Monday, 15 May 2000

From "The Rationale of Reward"

by Jeremy Bentham.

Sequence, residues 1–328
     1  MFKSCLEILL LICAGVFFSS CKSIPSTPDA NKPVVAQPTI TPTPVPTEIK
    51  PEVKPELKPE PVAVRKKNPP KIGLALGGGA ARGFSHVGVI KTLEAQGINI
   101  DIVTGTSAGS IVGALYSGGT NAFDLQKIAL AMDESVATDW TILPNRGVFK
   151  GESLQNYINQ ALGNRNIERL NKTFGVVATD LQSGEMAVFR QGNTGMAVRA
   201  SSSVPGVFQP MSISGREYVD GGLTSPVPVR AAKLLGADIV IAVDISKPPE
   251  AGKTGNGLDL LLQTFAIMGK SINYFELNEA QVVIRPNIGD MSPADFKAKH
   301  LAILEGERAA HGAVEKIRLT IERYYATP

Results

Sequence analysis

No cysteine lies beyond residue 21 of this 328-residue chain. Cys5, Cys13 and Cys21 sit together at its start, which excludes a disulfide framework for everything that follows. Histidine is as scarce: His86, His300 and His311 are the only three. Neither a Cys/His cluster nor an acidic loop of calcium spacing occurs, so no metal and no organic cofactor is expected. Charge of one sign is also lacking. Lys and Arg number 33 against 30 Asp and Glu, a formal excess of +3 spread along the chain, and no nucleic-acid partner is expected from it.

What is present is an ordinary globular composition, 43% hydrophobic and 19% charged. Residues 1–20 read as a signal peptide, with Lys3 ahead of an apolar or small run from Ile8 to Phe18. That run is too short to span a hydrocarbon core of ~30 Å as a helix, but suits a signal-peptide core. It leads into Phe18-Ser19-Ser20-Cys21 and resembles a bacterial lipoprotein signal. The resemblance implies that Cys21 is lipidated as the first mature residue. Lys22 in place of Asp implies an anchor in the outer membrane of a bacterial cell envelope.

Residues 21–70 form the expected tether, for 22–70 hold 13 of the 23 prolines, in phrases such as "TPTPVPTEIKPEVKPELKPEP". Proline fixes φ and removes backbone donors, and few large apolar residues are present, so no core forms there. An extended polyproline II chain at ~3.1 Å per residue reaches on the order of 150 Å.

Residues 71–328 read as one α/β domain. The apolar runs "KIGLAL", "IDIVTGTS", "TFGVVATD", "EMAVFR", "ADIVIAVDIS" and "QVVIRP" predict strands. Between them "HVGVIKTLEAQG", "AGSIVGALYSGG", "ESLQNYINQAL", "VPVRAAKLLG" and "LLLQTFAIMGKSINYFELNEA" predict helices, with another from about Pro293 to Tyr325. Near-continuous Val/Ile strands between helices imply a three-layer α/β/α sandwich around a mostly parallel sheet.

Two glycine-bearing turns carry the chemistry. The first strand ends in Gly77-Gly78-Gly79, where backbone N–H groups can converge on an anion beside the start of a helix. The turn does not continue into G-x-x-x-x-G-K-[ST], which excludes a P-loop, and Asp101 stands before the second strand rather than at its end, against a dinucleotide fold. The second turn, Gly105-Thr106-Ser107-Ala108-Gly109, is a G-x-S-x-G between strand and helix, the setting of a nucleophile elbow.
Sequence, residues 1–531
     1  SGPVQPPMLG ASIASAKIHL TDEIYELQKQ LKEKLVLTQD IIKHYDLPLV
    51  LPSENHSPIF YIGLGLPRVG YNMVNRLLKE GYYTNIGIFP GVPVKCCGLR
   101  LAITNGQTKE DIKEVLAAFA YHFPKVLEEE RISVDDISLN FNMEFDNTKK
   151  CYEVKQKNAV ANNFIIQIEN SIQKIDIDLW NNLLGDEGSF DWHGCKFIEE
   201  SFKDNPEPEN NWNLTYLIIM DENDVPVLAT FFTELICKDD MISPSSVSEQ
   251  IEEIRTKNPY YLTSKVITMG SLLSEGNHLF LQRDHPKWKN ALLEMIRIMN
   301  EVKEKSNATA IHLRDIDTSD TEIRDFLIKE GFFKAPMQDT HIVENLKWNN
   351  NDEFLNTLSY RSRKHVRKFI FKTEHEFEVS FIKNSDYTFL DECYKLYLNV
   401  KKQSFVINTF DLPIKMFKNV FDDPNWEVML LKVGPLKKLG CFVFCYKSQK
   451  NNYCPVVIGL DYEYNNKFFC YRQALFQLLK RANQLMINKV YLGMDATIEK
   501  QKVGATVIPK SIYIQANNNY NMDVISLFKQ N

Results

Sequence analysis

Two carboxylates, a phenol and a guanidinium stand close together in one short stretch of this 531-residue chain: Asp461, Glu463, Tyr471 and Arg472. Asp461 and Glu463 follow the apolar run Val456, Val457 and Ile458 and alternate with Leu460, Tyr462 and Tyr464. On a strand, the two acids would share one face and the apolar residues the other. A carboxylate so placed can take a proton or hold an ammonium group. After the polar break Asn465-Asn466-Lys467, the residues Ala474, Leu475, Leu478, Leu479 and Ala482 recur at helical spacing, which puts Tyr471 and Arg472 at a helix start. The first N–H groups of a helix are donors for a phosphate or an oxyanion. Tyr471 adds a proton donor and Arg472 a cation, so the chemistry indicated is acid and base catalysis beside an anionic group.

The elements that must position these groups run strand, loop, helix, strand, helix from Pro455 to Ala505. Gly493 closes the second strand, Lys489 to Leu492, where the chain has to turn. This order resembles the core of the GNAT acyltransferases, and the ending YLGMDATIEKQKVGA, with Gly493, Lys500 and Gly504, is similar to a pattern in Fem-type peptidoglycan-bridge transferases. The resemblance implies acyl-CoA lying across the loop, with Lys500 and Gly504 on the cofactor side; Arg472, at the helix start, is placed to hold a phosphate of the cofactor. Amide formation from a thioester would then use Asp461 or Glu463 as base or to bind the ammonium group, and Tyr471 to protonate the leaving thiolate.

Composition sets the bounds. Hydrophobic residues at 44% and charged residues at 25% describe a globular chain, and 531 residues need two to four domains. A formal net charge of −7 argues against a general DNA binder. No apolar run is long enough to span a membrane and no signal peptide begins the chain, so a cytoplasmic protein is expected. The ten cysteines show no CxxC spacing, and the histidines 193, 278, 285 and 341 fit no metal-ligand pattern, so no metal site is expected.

The utility of all these arts and sciences, — I speak both of those of amusement and curiosity, — the value which they possess, is exactly in proportion to the pleasure they yield. Every other species of preeminence which may be attempted to be established among them is altogether fanciful. Prejudice apart, the game of push-pin is of equal value with the arts and sciences of music and poetry. If the game of push-pin furnish more pleasure, it is more valuable than either. Everybody can play at push-pin: poetry and music are relished only by a few. The game of push-pin is always innocent: it were well could the same be always asserted of poetry. Indeed, between poetry and truth there is natural opposition: false morals and fictitious nature. The poet always stands in need of something false. When he pretends to lay has foundations in truth, the ornaments of his superstructure are fictions; his business consist in stimulating our passions, and exciting our prejudices. Truth, exactitude of every kind is fatal to poetry. The poet must see everything through coloured media, and strive to make every one else do the same. It is true, there have been noble spirits, to whom poetry and philosophy have been equally indebted; but these exceptions do not counteract the mischiefs which have resulted from this magic art. If poetry and music deserve to he preferred before a game of push-pin, it must be because they are calculated to gratify those individuals who are most difficult to be pleased.

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